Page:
February 13, 2012

What Makes a Good Blog Post: 6 Things I've Learned

My mission with each post is to write something people want to read. Otherwise, what's the point? Why have a blog? I could go back to pontificating to my husband and children without the added difficulty of rewrites and spell checkers.

I recently reviewed Stephen King's memoir, On Writing: On Stephen King. I could make dozens of posts out of his practical and motivating advice, but this sentence really stuck with me:

"Fiction writers, present company included, don’t understand very much about what they do—not why it works when it’s good, not why it doesn’t when it’s bad.”

I would love to give the magic formula for writing a great post, or better yet a great novel. But, to be frank, I often don't understand it myself. There are times when I write a piece I'm so proud of and it gets very few page views. Other times, I write something off the cuff and people respond.

I can't tell you what works, but I can share some of what I have learned specifically about writing blog posts...

Be Honest. There are many blogs to choose from, make sure readers know that you will always be honest and not just say what you think they want to hear.

Be Timely. Keep up to date on your industry's news and post about it. Be sure to link to any relevant articles or other blog posts.

Give Tips. If you've learned something, chances are others have not and would like to. Plus, I've noticed people love a number in the title. If you have 5 tips, say you have 5. If you have a lot of advice, split it into a series of posts.

Ask for feedback. People might read and enjoy your posts, but not feel compelled to comment. Ask a question or request feedback to get the reader involved.

Highlight. Time is precious and most of us have many social media demands. I love reading blogs, but if the post is too long I end up skimming it. Make my job easier by highlighting important parts (bullets, short paragraphs, bold faced theme words) or breaking it into multiple posts.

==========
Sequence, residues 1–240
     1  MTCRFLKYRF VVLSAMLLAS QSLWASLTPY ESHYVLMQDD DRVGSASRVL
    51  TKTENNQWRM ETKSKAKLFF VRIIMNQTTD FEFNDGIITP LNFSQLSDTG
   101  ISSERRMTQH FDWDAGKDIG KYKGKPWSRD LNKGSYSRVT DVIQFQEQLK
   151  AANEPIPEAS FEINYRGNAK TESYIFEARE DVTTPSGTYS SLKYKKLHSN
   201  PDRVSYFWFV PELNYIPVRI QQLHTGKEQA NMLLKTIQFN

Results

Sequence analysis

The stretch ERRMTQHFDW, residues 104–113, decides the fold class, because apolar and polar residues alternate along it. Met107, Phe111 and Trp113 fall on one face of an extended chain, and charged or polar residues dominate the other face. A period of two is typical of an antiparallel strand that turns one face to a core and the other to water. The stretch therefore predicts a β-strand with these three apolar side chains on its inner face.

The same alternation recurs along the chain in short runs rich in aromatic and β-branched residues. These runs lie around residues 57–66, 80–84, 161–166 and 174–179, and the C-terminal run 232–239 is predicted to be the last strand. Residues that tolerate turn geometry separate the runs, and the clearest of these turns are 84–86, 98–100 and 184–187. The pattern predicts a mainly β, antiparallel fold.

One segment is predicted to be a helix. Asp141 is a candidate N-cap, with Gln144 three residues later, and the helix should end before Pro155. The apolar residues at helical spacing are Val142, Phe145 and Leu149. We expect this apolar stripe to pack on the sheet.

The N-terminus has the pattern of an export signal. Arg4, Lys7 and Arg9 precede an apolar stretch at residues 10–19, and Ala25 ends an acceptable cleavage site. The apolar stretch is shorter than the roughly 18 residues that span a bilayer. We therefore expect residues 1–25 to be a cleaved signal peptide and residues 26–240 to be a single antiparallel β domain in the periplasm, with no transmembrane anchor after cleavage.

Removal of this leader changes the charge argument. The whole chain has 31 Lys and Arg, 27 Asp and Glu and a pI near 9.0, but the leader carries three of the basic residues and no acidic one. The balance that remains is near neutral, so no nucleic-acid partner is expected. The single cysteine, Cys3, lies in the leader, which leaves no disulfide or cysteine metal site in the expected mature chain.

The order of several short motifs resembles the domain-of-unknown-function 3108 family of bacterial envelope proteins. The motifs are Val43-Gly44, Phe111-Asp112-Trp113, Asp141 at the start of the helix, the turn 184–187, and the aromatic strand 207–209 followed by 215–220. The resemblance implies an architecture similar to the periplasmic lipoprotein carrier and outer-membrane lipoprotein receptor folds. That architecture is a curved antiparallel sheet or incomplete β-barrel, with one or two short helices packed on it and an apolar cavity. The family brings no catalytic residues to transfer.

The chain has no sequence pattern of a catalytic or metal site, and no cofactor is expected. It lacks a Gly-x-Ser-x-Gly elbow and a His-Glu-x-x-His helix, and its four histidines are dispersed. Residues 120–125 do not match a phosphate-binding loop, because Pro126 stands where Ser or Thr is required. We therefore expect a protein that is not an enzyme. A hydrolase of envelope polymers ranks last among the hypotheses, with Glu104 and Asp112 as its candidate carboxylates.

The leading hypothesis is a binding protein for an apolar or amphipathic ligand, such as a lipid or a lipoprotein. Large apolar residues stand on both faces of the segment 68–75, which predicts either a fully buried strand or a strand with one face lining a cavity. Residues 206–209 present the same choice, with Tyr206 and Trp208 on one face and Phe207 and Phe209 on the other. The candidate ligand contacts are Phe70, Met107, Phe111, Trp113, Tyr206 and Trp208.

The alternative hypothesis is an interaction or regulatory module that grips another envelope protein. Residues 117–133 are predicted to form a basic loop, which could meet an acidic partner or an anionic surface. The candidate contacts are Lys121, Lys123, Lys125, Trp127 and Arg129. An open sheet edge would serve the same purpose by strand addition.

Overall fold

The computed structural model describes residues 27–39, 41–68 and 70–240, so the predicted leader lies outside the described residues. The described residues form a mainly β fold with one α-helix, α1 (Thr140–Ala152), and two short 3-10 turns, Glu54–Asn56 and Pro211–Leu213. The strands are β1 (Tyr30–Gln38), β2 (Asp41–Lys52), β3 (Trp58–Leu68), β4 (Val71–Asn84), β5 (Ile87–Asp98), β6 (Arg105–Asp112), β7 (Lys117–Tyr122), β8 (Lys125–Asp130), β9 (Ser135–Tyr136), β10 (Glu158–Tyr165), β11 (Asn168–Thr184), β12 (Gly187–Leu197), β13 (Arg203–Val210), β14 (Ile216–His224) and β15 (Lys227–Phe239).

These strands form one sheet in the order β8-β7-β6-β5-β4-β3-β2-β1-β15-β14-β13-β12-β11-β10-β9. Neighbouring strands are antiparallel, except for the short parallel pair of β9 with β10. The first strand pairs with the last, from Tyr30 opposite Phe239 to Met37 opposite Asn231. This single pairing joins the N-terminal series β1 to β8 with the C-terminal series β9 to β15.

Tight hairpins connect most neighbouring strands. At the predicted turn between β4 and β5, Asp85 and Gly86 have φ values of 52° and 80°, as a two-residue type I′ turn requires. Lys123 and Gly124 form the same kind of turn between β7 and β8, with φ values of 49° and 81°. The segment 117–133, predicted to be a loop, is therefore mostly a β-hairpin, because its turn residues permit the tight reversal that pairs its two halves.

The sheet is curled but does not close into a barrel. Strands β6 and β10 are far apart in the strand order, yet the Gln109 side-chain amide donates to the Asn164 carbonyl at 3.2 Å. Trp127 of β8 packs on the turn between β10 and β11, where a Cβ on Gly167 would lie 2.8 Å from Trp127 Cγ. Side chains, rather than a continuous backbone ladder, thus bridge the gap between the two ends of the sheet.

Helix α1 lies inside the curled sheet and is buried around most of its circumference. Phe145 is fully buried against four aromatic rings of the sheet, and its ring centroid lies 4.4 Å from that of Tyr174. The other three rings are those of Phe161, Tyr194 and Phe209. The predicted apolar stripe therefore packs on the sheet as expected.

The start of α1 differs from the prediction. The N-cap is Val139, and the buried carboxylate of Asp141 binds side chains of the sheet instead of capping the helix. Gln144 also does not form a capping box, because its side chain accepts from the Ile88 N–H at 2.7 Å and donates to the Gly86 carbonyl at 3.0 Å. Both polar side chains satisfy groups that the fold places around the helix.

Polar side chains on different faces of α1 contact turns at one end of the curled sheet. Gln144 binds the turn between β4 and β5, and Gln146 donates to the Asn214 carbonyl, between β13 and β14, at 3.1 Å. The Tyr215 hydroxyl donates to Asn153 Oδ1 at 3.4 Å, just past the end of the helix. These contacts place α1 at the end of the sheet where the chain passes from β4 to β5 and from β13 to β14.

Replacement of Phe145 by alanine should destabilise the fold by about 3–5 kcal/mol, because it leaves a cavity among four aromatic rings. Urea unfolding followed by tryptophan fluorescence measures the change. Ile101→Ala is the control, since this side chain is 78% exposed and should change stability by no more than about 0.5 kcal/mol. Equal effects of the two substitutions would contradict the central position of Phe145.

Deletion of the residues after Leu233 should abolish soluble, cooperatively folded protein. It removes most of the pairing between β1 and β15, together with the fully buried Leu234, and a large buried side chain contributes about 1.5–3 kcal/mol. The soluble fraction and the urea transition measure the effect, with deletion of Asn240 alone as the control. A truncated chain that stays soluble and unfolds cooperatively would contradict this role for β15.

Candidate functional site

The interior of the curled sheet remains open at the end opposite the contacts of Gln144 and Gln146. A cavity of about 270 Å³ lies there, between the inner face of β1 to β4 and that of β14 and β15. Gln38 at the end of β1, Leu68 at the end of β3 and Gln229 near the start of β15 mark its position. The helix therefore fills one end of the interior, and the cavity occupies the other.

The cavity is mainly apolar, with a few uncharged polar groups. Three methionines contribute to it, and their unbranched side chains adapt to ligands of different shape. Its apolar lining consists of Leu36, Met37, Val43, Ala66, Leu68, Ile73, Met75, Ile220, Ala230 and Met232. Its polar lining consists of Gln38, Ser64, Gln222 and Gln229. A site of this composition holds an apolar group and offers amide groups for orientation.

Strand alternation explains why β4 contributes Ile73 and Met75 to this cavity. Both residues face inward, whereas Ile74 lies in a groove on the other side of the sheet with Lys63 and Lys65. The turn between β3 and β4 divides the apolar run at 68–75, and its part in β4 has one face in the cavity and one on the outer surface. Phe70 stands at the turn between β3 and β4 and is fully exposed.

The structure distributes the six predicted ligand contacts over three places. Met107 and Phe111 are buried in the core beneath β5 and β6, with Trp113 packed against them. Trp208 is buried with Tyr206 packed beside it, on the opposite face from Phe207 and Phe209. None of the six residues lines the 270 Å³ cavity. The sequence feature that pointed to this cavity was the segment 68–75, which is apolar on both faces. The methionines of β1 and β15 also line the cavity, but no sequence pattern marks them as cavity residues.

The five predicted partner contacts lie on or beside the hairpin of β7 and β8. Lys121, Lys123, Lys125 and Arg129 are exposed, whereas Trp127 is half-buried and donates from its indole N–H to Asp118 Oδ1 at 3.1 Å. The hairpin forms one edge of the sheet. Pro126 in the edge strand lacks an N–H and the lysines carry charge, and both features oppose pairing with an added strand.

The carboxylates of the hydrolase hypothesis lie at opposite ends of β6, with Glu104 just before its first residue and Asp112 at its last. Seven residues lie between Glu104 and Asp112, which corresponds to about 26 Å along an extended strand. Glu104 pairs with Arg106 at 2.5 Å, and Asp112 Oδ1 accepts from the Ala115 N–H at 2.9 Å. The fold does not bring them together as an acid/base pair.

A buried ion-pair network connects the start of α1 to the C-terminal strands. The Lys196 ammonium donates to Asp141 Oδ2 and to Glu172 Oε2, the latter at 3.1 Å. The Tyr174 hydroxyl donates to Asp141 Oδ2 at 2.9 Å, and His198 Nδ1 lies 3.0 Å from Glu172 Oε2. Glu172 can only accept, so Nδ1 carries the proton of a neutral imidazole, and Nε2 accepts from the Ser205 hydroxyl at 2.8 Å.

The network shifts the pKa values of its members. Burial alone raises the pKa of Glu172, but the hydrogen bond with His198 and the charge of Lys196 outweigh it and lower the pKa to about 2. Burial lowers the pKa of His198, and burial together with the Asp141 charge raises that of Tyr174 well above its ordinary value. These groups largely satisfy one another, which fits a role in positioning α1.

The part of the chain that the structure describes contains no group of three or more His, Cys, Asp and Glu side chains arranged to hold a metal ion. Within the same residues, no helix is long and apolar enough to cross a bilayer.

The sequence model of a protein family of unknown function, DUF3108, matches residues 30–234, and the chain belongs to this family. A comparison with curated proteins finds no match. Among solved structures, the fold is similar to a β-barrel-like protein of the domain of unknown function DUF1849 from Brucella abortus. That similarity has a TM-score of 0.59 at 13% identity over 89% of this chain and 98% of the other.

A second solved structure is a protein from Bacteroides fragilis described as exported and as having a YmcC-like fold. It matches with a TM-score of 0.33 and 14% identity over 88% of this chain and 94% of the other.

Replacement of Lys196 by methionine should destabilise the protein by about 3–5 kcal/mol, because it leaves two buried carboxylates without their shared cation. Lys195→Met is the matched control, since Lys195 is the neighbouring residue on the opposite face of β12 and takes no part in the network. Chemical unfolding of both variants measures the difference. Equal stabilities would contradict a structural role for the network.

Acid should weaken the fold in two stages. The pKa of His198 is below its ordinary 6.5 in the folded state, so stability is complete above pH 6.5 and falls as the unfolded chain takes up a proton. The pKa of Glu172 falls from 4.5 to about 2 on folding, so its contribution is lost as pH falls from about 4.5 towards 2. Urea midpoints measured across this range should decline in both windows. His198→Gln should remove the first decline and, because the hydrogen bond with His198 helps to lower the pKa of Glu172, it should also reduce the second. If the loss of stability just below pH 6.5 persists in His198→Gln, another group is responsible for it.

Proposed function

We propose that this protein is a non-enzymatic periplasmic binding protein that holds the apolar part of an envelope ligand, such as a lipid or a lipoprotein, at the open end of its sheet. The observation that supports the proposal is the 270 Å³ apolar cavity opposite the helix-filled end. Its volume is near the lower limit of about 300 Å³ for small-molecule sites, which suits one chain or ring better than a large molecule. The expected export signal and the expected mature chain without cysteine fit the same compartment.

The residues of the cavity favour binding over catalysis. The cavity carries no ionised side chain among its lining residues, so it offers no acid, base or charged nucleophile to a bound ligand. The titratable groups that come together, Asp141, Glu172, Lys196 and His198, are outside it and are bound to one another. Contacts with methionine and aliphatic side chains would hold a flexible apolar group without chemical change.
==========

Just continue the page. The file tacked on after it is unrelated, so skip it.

Offer Value. Make your blog a valuable resource, not just a constant commercial for a product or service. People will be more apt to buy your product if they trust you.

What have you learned about writing a good blog post? Just as importantly, what is a major turn off?

Now I need to start gathering ideas for a post on writing a good novel. Wish me luck.


Since I started posting to BlogHer daily back in November, five of my posts have been featured. I thought it would be interesting to list them here.

* On Stephen King
* The Art of No
* Eyes on the Prize (retitled for BlogHer: 5 Tips for Focusing on Resolutions)
* Left and Right Distractions
* 6 Ways to Best Use Time


Shannon Knobel said...

Interesting ... I always wonder with all the forms of media out there, how often do people read Facebook Posts, Tweets, Blogs, pinterest comments, as well as countless websites, multiple email accounts. Then the other forms of media as well, newspaper, magazines, books.

How do some Facebook Posts get read, while others never do...

Anonymous said...

Hmm, good post. So let me pose this. You talked about what makes a good blog post, what about what makes a good blog?

J E Fritz said...

What I've learned is to be interesting. Sometimes that leads to absolutely crazy posts, but if I can make someone laugh/think/whatever, I'm happy.

Tia Bach said...

Shannon, It's a bit unpredictable. But I've found when I'm honest and myself, I get better responses/views.

Ryan, That is the question! I struggle with my blog's focus. Is it about me, about writing, about both... I don't have the perfect answer. I let it be like me... all over the place. ;-)

JE, So true. People sense phoniness and then they are gone. OR at least if they are like me, that's what they do.